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January 26, 2010
Rays study hits all the stadium-playbook arguments
The A Baseball Community coalition (I just can't get enough of that name), the group of local business leaders put together by the city of St. Petersburg to support the Rays' stadium push, issued their final report yesterday, and it looked much like their earlier interim report: The Rays need a new stadium! And they need one closer to the area's population center in Tampa, a conclusion the group already reached last July.
As for why the Rays need a new stadium, the ABC report gives plenty of reasons. Now, way back in the first edition of the book Field of Schemes, we put together a list of arguments that teams and their boosters typically make for new stadium construction — a sort of stadium-seekers' playbook. (The chapter is entitled "The Art of the Steal.") How well did ABC hit all the typical rationales? Let's count:
- The Home-Field Disadvantage: The 20-year-old Tropicana Field, says the report, is "nearing the end of its economically useful life" thanks to insufficiently lavish concessions concourses and luxury boxes. This term — "economically obsolete" — has become a popular shorthand for "No, the place isn't falling down, but we could make more money in a new one."
- Faking a Move: The report warns that "the region now faces the risk of losing its baseball team at some point in the future," a scenario that it warns could cause "irreparable damage to the economic, social and cultural well-being of the region." Notwithstanding that thanks to the Rays' tough lease, that couldn't be a threat for at least a decade.
- Leveling the Playing Field: The Rays need a new stadium "to stay consistently competitive," according to the St. Petersburg Times' summary of the report, which is kind of a funny argument to make just a little over a year after the team went to the World Series. Though it may explain why Rays officials have started muttering darkly that the team may need to trade Carl Crawford and Carlos Pena if revenues don't pick up in the near term.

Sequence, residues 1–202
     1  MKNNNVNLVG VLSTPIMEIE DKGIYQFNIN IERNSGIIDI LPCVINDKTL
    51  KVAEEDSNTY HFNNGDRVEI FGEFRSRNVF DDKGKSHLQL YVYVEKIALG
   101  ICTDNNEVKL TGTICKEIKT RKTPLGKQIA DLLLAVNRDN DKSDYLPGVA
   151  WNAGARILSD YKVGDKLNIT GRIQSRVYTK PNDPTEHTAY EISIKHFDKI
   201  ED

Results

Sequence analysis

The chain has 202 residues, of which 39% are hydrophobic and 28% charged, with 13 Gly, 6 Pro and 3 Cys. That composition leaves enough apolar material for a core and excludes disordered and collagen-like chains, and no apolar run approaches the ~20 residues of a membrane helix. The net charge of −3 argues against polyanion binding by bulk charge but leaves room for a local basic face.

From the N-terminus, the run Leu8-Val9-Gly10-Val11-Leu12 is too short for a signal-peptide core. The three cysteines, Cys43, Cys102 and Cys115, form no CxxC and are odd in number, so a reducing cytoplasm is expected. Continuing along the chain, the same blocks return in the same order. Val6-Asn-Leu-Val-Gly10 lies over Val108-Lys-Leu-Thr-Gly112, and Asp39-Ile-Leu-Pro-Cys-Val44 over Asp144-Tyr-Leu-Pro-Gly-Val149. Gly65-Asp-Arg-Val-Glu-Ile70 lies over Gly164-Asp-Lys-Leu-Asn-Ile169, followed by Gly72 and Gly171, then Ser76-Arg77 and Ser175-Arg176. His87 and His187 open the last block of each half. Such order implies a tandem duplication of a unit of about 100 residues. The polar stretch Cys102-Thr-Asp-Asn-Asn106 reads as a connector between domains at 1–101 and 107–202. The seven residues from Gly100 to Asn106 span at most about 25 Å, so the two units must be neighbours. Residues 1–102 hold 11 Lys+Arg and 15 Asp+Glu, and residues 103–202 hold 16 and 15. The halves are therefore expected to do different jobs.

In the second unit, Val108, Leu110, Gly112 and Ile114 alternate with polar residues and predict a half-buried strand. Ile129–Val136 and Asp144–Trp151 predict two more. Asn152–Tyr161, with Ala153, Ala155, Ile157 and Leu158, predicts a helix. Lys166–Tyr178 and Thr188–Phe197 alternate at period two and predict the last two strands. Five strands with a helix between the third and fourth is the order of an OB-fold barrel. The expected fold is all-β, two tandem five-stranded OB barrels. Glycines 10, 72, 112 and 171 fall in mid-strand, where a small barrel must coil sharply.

- Playing the Numbers: It doesn't look like the ABC report directly stresses the alleged economic benefits of building a stadium, though St. Petersburg Mayor Bill Foster did reply by calling the Rays an "economic driver for our city." Whether they're enough of an economic driver to be worth a new $550 million stadium even while the old one is still being paid off is left as an exercise for readers.
Left unstated in all this is where the money for a new stadium is going to come from — all involved seem to agree that now's not the time to talk about that, given that Florida is in the depths of an economic crisis. ABC chief Jeff Lyash, rather, suggested that this was the time to "actively build consensus and put a plan in place, so when conditions are supportive of raising revenue, we are ready to move." In other words, the goal of the report is to lay the groundwork now for a new stadium, in particular establishing that it's a "need" that must be addressed sooner or later, so that the team can begin floating specific plans once the state has some money again.
To its credit, the St. Pete Times ran a pros-and-cons box with opposition responses to the ABC arguments, including "Economic impact studies are often overblown," "Many fans like the Trop," and "Seventeen years remain on the Trop agreement." The big question here, though, is: Is it worth it to publicly subsidize a new stadium for the Rays, and if not, is it worth it for the Rays to build a new stadium on their own? To say that the team would be happier in a brand-spanking-new building so long as they didn't pay for it isn't news; the real test is whether there's really $550 million worth of benefits to go around (to both public and team) if one were built. If not, then no amount of economic recovery is going to make it a good deal, and it might be worth exploring cheaper options, like renovating the Trop — or starting a Fundable page to help pay Carl Crawford's contract.